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UN peacekeeping presence in Sierra Leone needed for another 6 months: Annan

UN peacekeeping presence in Sierra Leone needed for another 6 months: Annan

Recent progress in the peace process in Sierra Leone has increased the role of UNAMSIL, the United Nations peacekeeping operation there, making its presence in the country necessary for another six months through March 2002, Secretary-General Kofi Annan tells the Security Council in a just released report.

According to Mr. Annan, the progress achieved over the past two months, particularly in the disarmament of combatants and the release of child soldiers, has meant that UNAMSIL has had to take on new tasks such as the provision of transport for those children and additional logistical assistance to the disarmament programme.

"A durable solution to the conflict in Sierra Leone can be based only on restoration of government authority throughout the country, tangible progress towards economic recovery, full reintegration of ex-combatants, national reconciliation and participatory democracy," he writes, adding that once progress has been made towards these objectives, the UN's involvement in Sierra Leone could be adjusted accordingly.

Noting that the recent progress in the peace progress gives ground for "cautious optimism," the Secretary-General says continuing clashes between rebels and pro-government militias in eastern Sierra Leone are a clear reminder that "the months leading up to the elections may be fraught with tensions that could adversely affect the recent impressive gains in the peace process." In that context, he welcomes the efforts by Sierra Leone's National Electoral Commission to plan for presidential and parliamentary elections, but warns that voting should only take place after the disarmament programme has been completed, the rebel Revolutionary United Front (RUF) transformed into a political party, civil authority restored, UNAMSIL fully deployed, and freedom of movement guaranteed throughout the country.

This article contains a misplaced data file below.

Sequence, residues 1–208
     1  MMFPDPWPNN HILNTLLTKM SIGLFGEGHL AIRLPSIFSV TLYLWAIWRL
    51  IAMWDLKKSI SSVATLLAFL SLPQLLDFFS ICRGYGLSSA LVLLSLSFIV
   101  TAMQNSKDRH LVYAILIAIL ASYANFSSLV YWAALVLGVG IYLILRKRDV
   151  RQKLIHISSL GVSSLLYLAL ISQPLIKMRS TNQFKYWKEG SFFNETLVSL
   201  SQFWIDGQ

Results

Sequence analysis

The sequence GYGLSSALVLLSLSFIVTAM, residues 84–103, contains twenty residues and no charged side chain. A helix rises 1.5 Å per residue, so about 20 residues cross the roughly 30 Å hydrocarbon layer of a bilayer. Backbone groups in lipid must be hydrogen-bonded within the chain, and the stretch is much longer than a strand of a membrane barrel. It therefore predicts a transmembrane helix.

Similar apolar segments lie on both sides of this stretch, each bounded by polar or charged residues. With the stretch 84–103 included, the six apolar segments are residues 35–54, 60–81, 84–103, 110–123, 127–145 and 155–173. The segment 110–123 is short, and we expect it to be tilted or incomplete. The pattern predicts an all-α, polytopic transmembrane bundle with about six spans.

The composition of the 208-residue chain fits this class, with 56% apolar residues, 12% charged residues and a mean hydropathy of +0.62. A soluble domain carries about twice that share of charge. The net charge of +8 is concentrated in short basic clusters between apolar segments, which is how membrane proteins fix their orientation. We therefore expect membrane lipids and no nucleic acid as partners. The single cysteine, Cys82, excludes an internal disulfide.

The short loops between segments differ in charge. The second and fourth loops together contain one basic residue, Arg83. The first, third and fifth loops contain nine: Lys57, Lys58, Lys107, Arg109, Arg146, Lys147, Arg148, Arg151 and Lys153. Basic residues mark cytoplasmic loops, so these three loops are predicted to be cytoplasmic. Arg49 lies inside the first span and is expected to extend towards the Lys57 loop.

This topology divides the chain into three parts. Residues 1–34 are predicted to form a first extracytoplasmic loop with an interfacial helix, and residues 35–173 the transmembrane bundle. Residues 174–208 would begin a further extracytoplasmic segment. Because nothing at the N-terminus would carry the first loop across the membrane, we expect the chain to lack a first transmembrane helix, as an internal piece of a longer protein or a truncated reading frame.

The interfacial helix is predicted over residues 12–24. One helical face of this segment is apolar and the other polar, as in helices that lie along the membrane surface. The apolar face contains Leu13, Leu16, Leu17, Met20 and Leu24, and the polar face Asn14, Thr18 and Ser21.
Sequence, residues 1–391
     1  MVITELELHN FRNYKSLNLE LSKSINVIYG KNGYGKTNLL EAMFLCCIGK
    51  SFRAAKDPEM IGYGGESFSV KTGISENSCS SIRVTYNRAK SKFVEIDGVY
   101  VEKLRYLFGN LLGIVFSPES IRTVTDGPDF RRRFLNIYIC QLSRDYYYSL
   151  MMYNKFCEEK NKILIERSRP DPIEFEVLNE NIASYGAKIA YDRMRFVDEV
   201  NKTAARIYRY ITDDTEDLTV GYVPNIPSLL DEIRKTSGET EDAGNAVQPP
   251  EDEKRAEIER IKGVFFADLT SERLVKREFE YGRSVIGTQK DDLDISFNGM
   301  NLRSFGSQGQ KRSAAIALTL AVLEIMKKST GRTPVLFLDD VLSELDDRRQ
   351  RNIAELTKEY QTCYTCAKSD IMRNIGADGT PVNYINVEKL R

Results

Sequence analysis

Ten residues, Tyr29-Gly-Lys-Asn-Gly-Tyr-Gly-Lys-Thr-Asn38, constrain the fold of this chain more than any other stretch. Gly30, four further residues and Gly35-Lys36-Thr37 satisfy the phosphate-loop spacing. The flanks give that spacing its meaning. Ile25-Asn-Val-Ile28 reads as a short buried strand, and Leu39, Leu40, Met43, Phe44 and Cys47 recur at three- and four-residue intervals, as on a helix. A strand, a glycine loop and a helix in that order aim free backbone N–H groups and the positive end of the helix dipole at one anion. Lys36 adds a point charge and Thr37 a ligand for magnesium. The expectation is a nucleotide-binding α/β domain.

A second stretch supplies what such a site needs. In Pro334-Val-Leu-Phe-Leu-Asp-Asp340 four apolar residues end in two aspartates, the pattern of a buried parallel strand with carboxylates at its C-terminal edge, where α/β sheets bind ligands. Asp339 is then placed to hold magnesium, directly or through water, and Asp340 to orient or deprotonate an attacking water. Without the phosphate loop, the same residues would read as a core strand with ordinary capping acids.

The report also states that, in order for UNAMSIL to carry out the tasks of providing security and logistical assistance for the elections, the operation may require a military strength in excess of the current established ceiling of 17,500 troops.

Noting that the disarmament programme has a funding shortfall of $5 million this year alone, Mr. Annan urges donors to contribute generously to the programme, expressing concern that demobilized combatants who remain idle for too long could resort to activities that jeopardize the peace process and the stability of the subregion.

On the humanitarian front, the Secretary-General says the situation remains "precarious" and that pervasive large-scale violence against women in Sierra Leone remains a source of major concern. He urges all parties to respect human rights, especially those of women and children.